The unknown new territory presented to corporations and their budgets by the Tax Cuts and Jobs Act of 2017 has left the majority of American companies holding salary and promotion budgets steady, according to a survey of what employers expect to pay their workers.
Mercer’s 2018/2019 US Compensation Planning Survey (https://www.mercer.us/our-thinking/2018-united-states-compensation-planning-survey-executive-summary.html) which was updated in December, surveyed more than 1,500 organizations. Within the study, the group found overarching areas of concern, such as the overall retention of employee talent, the variable economic climate, and a tightening labor market.
And, in spite of a windfall of cash that came from the tax cut, it seemed as if employers weren’t exactly sure what the long term forecast held for their businesses and their budgets.
“I’m not surprised by the results,” said Mary Ann Sardone, a partner and North America workforce rewards practice leader at Mercer. “We expected the companies would be moving the needle on that, because of competitive pressure and the robust labor market. But we really didn’t see that shift that much.”
Sardone said there is inherent inertia in instituting salary raises, especially from a merit-based perspective.
“Having to make a decision to move around millions and millions of dollars to your fixed cost comes with a lot of hesitation,” said Sardone. “There’s a lot of benchmarking of what everyone else is doing and that’s traditionally the main source of information. So, when everyone’s looking at everyone else and no one’s moving first, we traditionally don’t see a lot of big changes.”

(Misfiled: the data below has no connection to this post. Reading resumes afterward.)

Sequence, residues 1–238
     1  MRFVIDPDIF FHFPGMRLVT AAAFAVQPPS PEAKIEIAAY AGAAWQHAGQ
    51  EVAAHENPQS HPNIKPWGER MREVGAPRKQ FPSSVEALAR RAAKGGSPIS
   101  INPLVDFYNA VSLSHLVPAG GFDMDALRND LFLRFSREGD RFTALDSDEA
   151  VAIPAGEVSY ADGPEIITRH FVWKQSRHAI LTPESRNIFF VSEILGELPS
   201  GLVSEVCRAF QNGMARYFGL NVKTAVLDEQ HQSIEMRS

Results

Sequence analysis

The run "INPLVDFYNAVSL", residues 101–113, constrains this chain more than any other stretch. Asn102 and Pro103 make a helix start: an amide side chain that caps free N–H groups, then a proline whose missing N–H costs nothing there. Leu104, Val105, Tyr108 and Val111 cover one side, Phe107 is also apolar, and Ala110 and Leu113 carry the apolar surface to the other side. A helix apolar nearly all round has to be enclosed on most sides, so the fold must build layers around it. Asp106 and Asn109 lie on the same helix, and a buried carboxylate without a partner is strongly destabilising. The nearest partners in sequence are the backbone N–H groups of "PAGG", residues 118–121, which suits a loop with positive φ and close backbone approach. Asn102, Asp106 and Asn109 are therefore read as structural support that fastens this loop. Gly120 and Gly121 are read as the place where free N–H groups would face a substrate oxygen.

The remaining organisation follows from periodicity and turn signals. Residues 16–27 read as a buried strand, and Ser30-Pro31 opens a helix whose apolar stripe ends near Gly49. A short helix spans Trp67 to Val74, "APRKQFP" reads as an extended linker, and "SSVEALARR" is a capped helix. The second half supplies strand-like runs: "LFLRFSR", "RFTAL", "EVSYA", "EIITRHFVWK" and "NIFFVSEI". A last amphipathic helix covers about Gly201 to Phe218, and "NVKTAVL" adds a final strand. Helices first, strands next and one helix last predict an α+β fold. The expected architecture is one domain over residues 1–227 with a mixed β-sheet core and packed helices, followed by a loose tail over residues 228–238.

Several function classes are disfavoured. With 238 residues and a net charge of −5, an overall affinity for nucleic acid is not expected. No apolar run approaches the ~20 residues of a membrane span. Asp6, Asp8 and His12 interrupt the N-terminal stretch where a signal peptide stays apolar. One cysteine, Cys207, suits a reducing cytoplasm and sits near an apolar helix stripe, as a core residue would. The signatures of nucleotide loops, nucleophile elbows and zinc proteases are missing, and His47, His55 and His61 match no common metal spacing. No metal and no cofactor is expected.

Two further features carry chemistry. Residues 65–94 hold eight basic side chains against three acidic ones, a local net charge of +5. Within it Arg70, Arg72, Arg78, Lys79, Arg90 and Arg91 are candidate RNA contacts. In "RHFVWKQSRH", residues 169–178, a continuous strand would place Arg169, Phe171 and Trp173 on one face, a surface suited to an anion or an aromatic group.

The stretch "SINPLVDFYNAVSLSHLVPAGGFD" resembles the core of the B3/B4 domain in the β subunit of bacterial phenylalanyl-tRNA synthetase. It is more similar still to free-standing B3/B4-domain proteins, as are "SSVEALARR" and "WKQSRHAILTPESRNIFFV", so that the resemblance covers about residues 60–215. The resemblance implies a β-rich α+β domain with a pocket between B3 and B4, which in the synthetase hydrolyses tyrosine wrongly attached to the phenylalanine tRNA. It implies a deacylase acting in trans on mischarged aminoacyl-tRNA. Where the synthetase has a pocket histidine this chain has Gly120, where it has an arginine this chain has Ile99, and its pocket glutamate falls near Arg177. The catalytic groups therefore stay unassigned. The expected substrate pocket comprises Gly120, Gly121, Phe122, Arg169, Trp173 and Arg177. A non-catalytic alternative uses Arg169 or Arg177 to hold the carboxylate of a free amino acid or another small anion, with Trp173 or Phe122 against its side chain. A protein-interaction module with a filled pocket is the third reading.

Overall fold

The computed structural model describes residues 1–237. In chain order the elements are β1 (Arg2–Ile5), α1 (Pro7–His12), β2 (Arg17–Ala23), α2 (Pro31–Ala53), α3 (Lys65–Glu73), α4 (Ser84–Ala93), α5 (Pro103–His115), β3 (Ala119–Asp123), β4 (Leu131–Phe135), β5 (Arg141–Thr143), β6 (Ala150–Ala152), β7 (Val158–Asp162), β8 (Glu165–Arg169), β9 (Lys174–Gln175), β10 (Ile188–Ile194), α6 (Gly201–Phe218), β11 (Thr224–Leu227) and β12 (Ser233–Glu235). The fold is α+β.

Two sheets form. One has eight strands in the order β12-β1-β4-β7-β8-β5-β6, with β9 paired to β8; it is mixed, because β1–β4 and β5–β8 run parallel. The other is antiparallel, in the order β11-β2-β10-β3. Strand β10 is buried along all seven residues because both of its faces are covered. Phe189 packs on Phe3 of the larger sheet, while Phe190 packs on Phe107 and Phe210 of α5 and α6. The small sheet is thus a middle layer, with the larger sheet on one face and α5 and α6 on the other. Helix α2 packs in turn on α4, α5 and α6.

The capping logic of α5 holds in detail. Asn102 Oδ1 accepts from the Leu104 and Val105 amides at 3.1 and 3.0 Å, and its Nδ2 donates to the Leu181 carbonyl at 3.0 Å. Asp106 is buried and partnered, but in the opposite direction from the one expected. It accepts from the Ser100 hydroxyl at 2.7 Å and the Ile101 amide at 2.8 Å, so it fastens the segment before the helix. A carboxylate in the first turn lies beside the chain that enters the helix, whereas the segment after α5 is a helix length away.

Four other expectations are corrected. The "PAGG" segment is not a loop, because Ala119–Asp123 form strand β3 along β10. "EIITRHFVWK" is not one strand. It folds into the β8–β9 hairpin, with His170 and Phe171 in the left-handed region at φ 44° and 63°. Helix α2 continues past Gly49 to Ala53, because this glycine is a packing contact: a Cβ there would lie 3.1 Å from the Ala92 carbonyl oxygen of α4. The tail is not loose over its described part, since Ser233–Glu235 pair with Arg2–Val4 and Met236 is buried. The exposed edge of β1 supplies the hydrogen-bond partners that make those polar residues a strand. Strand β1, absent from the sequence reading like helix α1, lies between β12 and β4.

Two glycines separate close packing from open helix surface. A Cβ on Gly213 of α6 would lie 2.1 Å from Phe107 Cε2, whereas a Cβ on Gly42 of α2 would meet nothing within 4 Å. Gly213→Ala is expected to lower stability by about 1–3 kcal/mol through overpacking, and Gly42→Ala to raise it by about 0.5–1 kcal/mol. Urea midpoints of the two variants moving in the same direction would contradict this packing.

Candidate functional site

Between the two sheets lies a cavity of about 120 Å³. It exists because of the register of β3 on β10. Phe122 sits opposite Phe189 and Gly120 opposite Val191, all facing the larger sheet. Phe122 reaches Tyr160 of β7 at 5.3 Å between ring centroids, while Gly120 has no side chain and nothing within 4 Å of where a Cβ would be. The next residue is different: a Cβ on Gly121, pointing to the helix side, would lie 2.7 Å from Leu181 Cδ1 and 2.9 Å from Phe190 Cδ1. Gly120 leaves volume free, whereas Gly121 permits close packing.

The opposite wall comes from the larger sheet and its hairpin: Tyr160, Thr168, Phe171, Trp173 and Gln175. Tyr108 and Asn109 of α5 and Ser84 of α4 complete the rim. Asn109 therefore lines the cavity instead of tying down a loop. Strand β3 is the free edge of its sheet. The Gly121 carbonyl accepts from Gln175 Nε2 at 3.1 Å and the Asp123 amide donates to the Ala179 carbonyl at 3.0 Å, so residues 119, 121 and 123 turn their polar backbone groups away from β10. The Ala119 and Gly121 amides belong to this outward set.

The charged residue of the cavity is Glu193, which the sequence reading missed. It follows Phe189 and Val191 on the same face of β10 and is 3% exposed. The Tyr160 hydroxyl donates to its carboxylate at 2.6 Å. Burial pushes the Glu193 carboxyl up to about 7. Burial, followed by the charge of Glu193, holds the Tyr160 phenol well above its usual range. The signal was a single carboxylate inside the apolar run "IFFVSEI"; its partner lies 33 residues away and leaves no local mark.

Sardone also said corporate reward systems are changing from company to company. As such, career advancement becomes that much more important, companies are making an effort to train from within, especially given that outside hires tend to be roughly 20 percent more expensive than an internal hire.
When the new tax law went into effect, few, if any, organizations knew what to expect outside of an initial windfall. There was also the question of what would find its way into weekly employee pay. Per Sardone and the Mercer study, the overall effect on employees’ weekly pay seems to have been nominal, especially after the introductory period.
“I think the initial reaction that employers had delivering a one-time increase or a spot
bonus of $1,000 was very popular and provided a lot of good PR; we really didn’t see a lot of those investments translating into increasing base salaries of employees” said Saldano. “By the end of 2018, everyone just sort of went back to business as if it didn’t happen.”
Where salary raises and promotions are concerned, there’s neither a magic number as to what to provide to employees, nor a specific technique that can be applied. Each organization is different. In the end, it might not be about base salaries any more, especially if an organization is trying to draw the very best performance out of its employees.
“Everyone is trying to reexamine this process, because it just doesn’t feel like it’s effective from the employee’s standpoint, or the organization’s standpoint. There’s a lot of discussion and chatter about rethinking the model, said Saldano. “There’s a lot of experimentation going on right now.”
In the end, 2019 might be akin to either a testing ground or an overall land of confusion for many organizations as they work to figure out the new tax code, where they stand in it, how they reward and promote their employees, and how they retain their best talent while drawing new talent in.
“I would say 2019’s going to represent some level of disruption in the way in which we reward employees for their performance,” concluded Saldano, who stated that no matter what happens this year, it can still be studied and learned from.